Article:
Students and faculty filled the Kimmel Center for University Life on Tuesday morning — the first day of fall classes — to denounce President Donald Trump’s plan to end the Deferred Action for Childhood Arrivals program in six months. The protest was organized by NYU Dream Team, NYU Asian Pacific American Coalition and NYU Sanctuary.
DACA is a program implemented by the Obama administration which grants work permits to young unauthorized immigrants who arrived as children while protecting them from deportation for two years. People can reapply for the program every two years. Approximately 800,000 people currently receive DACA protections, and Pew Research Center estimates that about 1.1 million people are currently eligible. DACA recipients were all 15 or younger when they first arrived in the United States, and most DACA recipients are currently in their 20s.
The Trump administration said that no new DACA applications or reapplications will be considered after Oct. 5, according to The New York Times. The move will leave hundreds of thousands of undocumented immigrants — who had been able to work and live as Americans — vulnerable to deportation and lead to a loss in their work eligibility.
NYU President Andrew Hamilton penned a letter to President Trump urging him not to end DACA on Friday, but just two days later Politico reported that the Trump administration was planning to shut the program down. In response to the Trump administration’s decision to end the program, Hamilton said that NYU stands with undocumented students and DACA recipients.
“We will continue to provide financial aid to undocumented students as before, and will work with students on a case-by-case basis to try to address any other issues that may arise as a result of today’s action,” Hamilton wrote Tuesday evening. “We will also closely follow the developments in the courts challenging today’s announcement, and will add our weight to those actions where we can.”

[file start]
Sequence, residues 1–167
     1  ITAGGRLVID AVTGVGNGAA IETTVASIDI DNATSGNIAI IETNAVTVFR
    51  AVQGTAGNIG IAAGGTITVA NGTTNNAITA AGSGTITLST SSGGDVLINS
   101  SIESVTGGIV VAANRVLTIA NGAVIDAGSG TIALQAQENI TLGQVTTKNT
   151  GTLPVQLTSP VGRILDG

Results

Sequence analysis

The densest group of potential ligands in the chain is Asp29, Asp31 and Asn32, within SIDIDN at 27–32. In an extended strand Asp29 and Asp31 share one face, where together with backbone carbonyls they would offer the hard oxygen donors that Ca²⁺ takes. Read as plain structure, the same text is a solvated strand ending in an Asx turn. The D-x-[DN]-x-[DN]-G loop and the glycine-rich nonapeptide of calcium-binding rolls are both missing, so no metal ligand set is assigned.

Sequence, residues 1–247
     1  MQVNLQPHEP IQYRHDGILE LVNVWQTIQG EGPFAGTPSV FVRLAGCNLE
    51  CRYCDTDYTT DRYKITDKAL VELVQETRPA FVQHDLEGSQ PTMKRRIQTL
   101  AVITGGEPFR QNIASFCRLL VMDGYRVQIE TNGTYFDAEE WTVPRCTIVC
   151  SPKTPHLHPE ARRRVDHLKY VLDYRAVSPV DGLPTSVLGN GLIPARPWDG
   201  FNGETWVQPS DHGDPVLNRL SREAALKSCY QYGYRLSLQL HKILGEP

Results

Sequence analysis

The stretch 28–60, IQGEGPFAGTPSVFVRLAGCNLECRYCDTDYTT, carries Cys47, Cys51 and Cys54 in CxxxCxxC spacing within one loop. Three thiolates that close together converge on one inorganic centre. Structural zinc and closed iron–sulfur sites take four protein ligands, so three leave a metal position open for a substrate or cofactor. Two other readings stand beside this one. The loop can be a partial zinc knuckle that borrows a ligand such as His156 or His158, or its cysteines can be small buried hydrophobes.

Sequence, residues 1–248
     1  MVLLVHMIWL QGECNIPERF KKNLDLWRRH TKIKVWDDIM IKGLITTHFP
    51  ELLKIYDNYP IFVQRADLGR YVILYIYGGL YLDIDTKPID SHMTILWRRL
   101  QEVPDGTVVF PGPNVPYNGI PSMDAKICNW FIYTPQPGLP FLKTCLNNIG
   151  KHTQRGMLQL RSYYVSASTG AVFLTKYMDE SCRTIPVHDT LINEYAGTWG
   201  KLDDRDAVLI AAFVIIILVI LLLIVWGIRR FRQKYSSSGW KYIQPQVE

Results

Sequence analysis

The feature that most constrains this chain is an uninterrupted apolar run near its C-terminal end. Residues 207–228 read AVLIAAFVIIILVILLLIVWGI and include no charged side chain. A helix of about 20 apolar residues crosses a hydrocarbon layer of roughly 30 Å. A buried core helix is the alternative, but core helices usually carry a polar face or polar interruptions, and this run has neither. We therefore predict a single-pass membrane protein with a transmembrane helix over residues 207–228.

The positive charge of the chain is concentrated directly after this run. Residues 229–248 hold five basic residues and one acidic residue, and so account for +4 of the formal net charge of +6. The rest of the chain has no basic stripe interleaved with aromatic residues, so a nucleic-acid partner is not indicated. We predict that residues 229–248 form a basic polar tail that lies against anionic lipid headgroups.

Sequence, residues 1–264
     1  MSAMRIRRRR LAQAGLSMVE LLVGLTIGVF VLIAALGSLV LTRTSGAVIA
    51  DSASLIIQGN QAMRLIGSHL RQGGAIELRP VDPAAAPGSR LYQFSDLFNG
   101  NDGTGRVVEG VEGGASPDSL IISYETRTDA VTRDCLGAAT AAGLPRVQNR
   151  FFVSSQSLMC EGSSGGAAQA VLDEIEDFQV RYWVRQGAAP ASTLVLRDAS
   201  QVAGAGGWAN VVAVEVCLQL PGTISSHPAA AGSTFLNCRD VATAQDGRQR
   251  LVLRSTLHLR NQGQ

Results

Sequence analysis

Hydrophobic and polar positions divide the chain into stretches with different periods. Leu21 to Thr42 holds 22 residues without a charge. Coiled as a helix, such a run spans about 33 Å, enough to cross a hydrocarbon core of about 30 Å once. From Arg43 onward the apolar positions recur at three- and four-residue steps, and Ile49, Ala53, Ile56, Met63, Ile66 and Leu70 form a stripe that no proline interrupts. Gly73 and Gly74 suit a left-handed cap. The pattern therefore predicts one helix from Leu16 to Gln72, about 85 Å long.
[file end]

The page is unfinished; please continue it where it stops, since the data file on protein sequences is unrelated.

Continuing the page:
NYU Public Safety will continue not to ask about the immigration status of students while also not divulging students’ immigration statuses to government officials, according to the email. The university will provide information on students’ immigration statuses if ordered by a court, but Hamilton said that NYU will fight any court orders they deem “overly broad or invasive.”
CAS junior Husniye Cogur, who is a Senator-at-Large for the Student Senators Council, the president of NYU Dream Team and a recipient of DACA herself, led the rally along with Gallatin junior Aree Worawongwasu, the vice president of the Asian Pacific American Coalition. The pair led the crowd in various chants.
Cogur said that the protesters hoped to catch the attention of both the Trump administration and NYU. The group is already speaking with NYU’s administration about possible solutions to aid former DACA recipients. One option they are considering would be the appointment of a council or advisor that undocumented students could seek for advice. Additionally, she wants to see the school help out DACA recipients financially.
“I want to see financial aid given to undocumented students since they are not eligible for state or federal [financial] aid,” Cogur said. “I think it’s really important to help them on that front especially if they don’t have work authorization and they can’t afford to pay their tuition.”
Although Hamilton said the university will continue to provide financial aid to undocumented students like before, Cogur is asking for affirmation that the livelihoods of those affected will be well protected by NYU.
“I also want to see professionals hired that can guide and provide resources to undocumented students because a lot of the time we don’t really know how to navigate certain paperwork, or how to apply for jobs,” Cogur said.
Worawongwasu stressed the importance of this protest occurring on the first day of fall classes. Near the end of the event Worawongwasu led the participants in a chant, yelling, “No Trump, no KKK, no fascist USA.”
The protesters numbered around 50 and included faculty. One of the protesters, CAS senior and Chair of the Student Senators Council, Juan Calero, expressed grave concern for those currently receiving aid under DACA.
“People’s livelihoods are in danger,” Calero said. When asked whether he was confident in Congress’s ability to pass its own protective legislation, Calero was not optimistic. The senior pointed to this year’s failed Republican healthcare bill as an example and said that legislation protecting immigrants would be even harder to achieve.
Email Sayer Devlin and Mack DeGuerin at [email protected]